April 23, 2004
Marisa O'Neil When it comes to the rainforest, don't be a grump. California Elementary School second- and third-graders turned Forrest Grump, not to be confused with Forrest Gump, from a mean-spirited litterbug into an environmental activist during a Thursday assembly. The students performed the musical "Forrest Grump" to highlight an appropriate message for Earth Day. "This [performance] was special because it's about saving the environment," writer and director Kathleen Chapman said.
April 18, 2004
Earth Day kicks off early in Newport-Mesa Mother Nature gave herself an early Earth Day present Saturday, treating her plants, shrubs and creatures to an April shower while many gathered to promote a healthy and clean environment. Earth Day is officially observed on Thursday; however, local events were held this weekend, such as the event on the UC Irvine Campus. The celebration at UCI included dozens of nonprofit organizations, display booths and interactive activities to promote awareness of environmental protection.
April 17, 2004
Alicia Robinson Since the first Earth Day was observed in 1970, a variety of environmental problems have cropped up around the globe. But local activists said society today is more aware of those problems, and that's a big step toward finding solutions. Earth Day is officially observed on Thursday, but local events will be held today and Sunday as well as next weekend. "I think one of the greatest advantages of Earth Day is it creates a heightened sense of awareness" of environmental issues," said Ken Kramer, superintendent of Crystal Cove State Park.
April 28, 2003
June Casagrande This may be the most water-quality-conscious city around, but that's even more reason to keep working for awareness, Surfrider Foundation members say. "There are lots of things competing for our attention," said Nancy Gardner, representative of the local Surfrider Foundation chapter. "It's important to keep water quality a priority in peoples' minds." About 40 Surfrider members and volunteers lined both sides of Coast Highway near the Santa Ana River on Sunday to continue the group's push for reducing pollutants.
April 6, 2003
Deirdre Newman Eric Halverson found two socks. Rokyt Dulac came across some beer bottles. Others from their Cub Scout troop discovered discarded records and rugs. The enthusiastic Cub Scouts picked up these sundry items at Fairview Park and plopped them into trash bags Saturday morning as part of the first Earth Day in the Park. Earth Day is celebrated around the world as a day to pay tribute to the environment. Fairview Park, more than 100 people showed up to lend helping hands to the clean-up effort and enjoy typical attractions like free train rides from the Orange County Model Engineers.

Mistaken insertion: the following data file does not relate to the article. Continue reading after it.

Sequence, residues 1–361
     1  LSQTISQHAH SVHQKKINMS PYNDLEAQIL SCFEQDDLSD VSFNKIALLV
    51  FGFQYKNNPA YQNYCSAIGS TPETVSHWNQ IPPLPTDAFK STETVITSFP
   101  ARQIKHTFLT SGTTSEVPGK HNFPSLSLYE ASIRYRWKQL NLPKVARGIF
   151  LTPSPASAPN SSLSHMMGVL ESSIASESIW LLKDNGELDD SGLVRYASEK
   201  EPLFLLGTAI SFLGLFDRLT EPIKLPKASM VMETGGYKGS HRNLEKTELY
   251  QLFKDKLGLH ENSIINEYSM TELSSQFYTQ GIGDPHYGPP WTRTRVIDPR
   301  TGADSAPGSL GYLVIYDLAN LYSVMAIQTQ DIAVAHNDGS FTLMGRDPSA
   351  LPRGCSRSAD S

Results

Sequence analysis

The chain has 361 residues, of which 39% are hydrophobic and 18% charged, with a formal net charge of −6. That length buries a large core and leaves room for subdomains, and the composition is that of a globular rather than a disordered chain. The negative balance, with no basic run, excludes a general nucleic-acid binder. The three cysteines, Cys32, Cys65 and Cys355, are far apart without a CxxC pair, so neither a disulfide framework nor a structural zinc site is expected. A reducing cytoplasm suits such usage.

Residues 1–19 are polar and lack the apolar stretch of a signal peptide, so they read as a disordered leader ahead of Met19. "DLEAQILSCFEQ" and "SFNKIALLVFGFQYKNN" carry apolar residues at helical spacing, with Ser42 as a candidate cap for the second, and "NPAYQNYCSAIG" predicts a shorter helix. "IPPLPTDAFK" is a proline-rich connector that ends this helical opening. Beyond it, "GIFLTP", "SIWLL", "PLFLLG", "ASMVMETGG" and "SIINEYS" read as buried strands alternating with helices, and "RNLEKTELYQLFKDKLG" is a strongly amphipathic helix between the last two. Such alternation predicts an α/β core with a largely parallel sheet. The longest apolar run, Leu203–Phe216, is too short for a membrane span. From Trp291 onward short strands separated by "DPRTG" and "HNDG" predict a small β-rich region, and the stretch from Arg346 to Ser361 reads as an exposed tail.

April 4, 2003
BARK 1 America's Family Pet Expo runs Friday through Sunday at the Orange County Fair & Exposition Center. The hours are 10 a.m. to 6 p.m. Friday; 9 a.m. to 7 p.m. Saturday; and 9 a.m. to 6 p.m. Sunday. Admission is $8 for adults, $6 for seniors (60 and older) and $3 for children (6 to 12). Call (626) 447-2222 for more information. EARTH DAY 2 The Fairview Park Friends Committee of Costa Mesa invites the community to participate in the first annual Earth Day in the Park at Fairview Park and quarterly "Friends" kickoff meeting on Saturday.
April 22, 2001
Stefanie Frith Fix all car leaks. Use kitty litter when you spill hazardous materials. Bring your own cup to the coffee shop. Reduce, reuse and recycle. When Douglas Bader started the Newport Beach Bike the Back Bay Earth Day Celebration 12 years ago, these were only some of the ideas he had in order to help the environment. Today, Bader is still pushing the idea that anybody can help the environment. That theme was one of many at the 12th annual Earth Day Celebration that took place Saturday at Shellmaker Island near the Newport Beach Back Bay. About 1,000 people braved the chilly, windy weather to come to the free event, which was hosted by the Newport Bay Naturalists and Friends; the Orange County Harbors, Beaches and Parks; and the California Department of Fish and Game.
April 14, 2001
Danette Goulet NEWPORT BEACH - A is not for Apple. A is for Acid rain. B is for not Boy, but rather Bioremediation. And C is for conservation, according to fifth-grade students at Harbor View Elementary School. The lesson came as three classes in three grade levels taught their peers at Harbor View about Earth Day on Friday morning. Earth Day, celebrated on April 22 in the United States, was first held in 1970. The concept for creating a special day dedicated to teaching people to take care of the earth was developed by former Sen. Gaylord Nelson.
April 21, 2000
Andrew Glazer It's spring and Earth Day is coming -- the time of year when so-called "green" businesses spit out, like pollen, evidence of their enviro-friendliness. Even fast-food chains, chemical manufacturers and oil companies -- notoriously some of the worst environmental offenders -- make claims that they're getting cleaner. Meanwhile, each year, environmentalists wag skeptical fingers. "Everyone and his brother can claim they're environmentally safe," said Michael Carey, recycling coordinator at Orange Coast College.
April 15, 2000
Danette Goulet CORONA DEL MAR -- Students donned colorful Earth Day 2000 T-shirts Friday morning and gave their classmates at Harbor View Elementary School a few rhythmical solutions to some of the planet's pollution problems. In a full school assembly that drew a crowd of a dozen parents, students from two classrooms performed an alphabetical list of pollution solutions followed by an Earth Day rap song. "Turn up the volume, the time is now -- to save our earth, make a difference somehow," sang second- and third-grade students in Stephanie Wallace's class.